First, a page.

A renewed focus on small business is a welcome addition to the recently agreed-upon United States-Mexico-Canada Agreement (USMCA), particularly given that so many of our members fall into this category. The new trade deal not only recognizes their importance to our economy, but also looks to support and encourage future growth by requiring each country to carefully consider the potential effects of future rules and regulations on how they operate.
As a part of the amended Toxic Substances Control Act (TSCA), the U.S. Environmental Protection Agency (EPA) has the authority to charge fees to chemical manufacturers and importers for the risk evaluations of chemicals in commerce. In late 2019, EPA designated as final 20 high-priority chemicals which now move directly into the risk evaluation process.
Beginning October 11, 2019, importers can submit a petition to the International Trade Commission (ITC) to reduce or suspend the duties of imported materials for three years. The 2019 Miscellaneous Tariff Bill (MTB) petition cycle is intended to reduce or remove duties on goods where no U.S.-made equivalent is available. The opportunity to submit a petition is open until December 10, 2019, after which it will close for three more years.
The U.S. Environmental Protection Agency (EPA) recently published the final rule on TSCA User Fees and officially began collecting the new fees for TSCA activities on October 1. NACD has been closely involved in the development of the rule. We submitted our initial comments in August of 2016 and then sent more extensive comments in February 2018 based on EPA’s proposed rule.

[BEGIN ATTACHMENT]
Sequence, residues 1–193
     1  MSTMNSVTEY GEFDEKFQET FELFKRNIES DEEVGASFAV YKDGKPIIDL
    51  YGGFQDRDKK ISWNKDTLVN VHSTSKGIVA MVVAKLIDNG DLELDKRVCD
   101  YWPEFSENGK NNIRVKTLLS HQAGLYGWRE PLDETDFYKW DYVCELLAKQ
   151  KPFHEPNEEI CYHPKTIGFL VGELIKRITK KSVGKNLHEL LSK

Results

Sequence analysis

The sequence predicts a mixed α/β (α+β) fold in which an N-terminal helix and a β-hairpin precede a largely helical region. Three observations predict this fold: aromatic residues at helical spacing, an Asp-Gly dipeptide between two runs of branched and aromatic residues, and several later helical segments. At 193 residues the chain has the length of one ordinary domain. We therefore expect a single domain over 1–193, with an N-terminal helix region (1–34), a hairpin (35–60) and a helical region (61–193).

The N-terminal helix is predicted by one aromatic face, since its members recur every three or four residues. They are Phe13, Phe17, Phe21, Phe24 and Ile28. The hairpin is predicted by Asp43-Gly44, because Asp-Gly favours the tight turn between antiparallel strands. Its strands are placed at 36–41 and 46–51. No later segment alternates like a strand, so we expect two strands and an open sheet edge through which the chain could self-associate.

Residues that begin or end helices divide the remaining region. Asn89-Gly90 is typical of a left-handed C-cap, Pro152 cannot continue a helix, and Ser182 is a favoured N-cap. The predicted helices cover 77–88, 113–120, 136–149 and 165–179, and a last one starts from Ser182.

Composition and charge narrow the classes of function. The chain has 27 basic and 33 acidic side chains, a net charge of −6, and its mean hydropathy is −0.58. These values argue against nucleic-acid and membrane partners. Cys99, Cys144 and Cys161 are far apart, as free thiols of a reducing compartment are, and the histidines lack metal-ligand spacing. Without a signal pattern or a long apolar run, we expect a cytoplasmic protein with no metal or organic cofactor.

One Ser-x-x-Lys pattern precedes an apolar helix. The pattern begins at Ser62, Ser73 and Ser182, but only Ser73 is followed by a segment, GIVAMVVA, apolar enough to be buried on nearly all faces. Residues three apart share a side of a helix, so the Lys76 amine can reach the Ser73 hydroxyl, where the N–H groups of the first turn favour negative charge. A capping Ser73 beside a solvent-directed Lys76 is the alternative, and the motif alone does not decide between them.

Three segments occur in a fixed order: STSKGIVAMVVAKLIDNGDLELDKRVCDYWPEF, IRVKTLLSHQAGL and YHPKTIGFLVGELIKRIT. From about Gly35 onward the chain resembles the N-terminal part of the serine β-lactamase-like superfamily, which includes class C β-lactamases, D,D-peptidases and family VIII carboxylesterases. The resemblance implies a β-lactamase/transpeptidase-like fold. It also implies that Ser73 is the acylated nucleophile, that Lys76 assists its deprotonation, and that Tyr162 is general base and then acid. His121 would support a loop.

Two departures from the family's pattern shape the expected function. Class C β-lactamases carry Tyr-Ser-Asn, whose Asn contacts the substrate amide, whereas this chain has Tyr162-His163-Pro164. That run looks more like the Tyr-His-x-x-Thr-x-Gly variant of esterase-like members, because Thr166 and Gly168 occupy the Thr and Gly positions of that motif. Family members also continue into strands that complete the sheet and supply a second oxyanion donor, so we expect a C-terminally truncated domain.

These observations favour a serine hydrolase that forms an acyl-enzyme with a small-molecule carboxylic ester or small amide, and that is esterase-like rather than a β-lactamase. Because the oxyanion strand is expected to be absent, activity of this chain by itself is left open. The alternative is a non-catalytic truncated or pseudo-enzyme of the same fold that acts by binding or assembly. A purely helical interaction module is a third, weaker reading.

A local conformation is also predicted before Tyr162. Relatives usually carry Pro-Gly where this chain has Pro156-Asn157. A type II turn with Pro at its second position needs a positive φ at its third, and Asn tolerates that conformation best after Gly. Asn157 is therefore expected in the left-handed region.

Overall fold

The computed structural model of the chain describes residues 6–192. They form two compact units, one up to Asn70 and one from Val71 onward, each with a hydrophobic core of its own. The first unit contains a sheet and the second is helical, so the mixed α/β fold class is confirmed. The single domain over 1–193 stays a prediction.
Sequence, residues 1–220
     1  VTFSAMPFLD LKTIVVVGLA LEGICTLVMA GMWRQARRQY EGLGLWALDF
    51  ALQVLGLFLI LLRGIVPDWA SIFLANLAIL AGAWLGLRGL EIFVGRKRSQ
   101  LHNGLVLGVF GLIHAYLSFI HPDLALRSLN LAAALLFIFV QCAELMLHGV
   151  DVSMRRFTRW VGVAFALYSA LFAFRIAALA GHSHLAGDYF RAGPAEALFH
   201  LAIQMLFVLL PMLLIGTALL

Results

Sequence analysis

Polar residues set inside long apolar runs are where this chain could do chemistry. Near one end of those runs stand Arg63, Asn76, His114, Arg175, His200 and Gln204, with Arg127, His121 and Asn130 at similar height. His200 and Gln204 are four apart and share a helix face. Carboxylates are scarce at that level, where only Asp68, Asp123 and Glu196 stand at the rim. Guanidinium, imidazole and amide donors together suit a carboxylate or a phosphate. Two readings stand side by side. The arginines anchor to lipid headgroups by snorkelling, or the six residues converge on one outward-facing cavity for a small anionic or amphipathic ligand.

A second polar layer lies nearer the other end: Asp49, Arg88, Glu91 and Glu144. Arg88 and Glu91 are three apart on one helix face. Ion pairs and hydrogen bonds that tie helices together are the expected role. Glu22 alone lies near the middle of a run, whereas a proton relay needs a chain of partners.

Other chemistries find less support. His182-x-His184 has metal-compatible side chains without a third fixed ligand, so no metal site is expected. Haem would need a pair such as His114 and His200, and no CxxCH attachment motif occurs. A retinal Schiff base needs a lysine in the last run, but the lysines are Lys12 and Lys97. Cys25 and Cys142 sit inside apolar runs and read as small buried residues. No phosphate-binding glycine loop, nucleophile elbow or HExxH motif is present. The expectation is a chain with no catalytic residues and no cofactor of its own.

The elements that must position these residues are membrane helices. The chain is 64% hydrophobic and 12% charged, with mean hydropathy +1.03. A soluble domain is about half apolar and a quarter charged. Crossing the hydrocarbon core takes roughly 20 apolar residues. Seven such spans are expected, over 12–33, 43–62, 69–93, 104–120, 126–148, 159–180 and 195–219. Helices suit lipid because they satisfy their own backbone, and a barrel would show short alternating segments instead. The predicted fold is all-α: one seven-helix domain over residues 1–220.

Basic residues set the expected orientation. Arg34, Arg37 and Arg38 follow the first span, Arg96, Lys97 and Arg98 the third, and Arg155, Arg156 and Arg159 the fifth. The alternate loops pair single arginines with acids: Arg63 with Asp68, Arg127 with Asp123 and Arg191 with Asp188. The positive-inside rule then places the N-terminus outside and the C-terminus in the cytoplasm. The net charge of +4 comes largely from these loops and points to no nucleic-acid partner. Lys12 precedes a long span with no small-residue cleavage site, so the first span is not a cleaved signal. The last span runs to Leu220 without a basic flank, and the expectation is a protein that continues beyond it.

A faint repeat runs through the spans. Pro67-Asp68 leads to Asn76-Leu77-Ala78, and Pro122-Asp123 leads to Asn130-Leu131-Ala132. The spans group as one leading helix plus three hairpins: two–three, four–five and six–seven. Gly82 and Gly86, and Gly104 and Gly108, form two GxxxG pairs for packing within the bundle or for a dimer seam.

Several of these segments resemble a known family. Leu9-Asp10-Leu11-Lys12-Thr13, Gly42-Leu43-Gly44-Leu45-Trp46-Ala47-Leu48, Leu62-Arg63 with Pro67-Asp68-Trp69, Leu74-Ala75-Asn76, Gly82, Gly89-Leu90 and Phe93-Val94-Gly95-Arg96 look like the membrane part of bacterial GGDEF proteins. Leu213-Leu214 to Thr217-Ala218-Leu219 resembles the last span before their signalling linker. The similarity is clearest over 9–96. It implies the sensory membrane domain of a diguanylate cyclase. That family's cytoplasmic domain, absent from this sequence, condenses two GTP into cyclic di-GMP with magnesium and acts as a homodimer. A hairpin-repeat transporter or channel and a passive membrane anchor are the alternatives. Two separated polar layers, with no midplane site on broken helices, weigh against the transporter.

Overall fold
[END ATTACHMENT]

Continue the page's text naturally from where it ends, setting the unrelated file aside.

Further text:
In early March, the U.S. Trade Representative (USTR) released a proposed list of 1,300 products that would be subject to an additional 25 percent tariff duty rate when imported from China. As importers of chemical products from China, many NACD members have told us about the impact the tariffs will have on them if implemented. These tariffs, commonly known as the Section 301 China tariffs, would result in an overall $50 billion price tag that will be passed directly on to the U.S. consumer in the form of higher product prices.
People often hear the word ‘chemical’ and think the worst – hazardous, dangerous, toxic. But the reality is much different. New U.S. Environmental Protection Agency (EPA) numbers demonstrate how NACD's environmental, health, safety, and security program helps association member facilities minimize their environmental impact.
Almost one year ago, the only environmental law to be enacted in the Obama administration passed with overwhelming bipartisan support. The Frank R. Lautenberg Chemical Safety for the 21st Century Act (now commonly called LCSA) was signed on June 22, 2016 and revised its predecessor, the Toxic Substances Control Act. LCSA in fact gave greater power to the Environmental Protection Agency (EPA) to act against high-risk chemicals and allowed for further manufacturer certainty when interacting with the agency.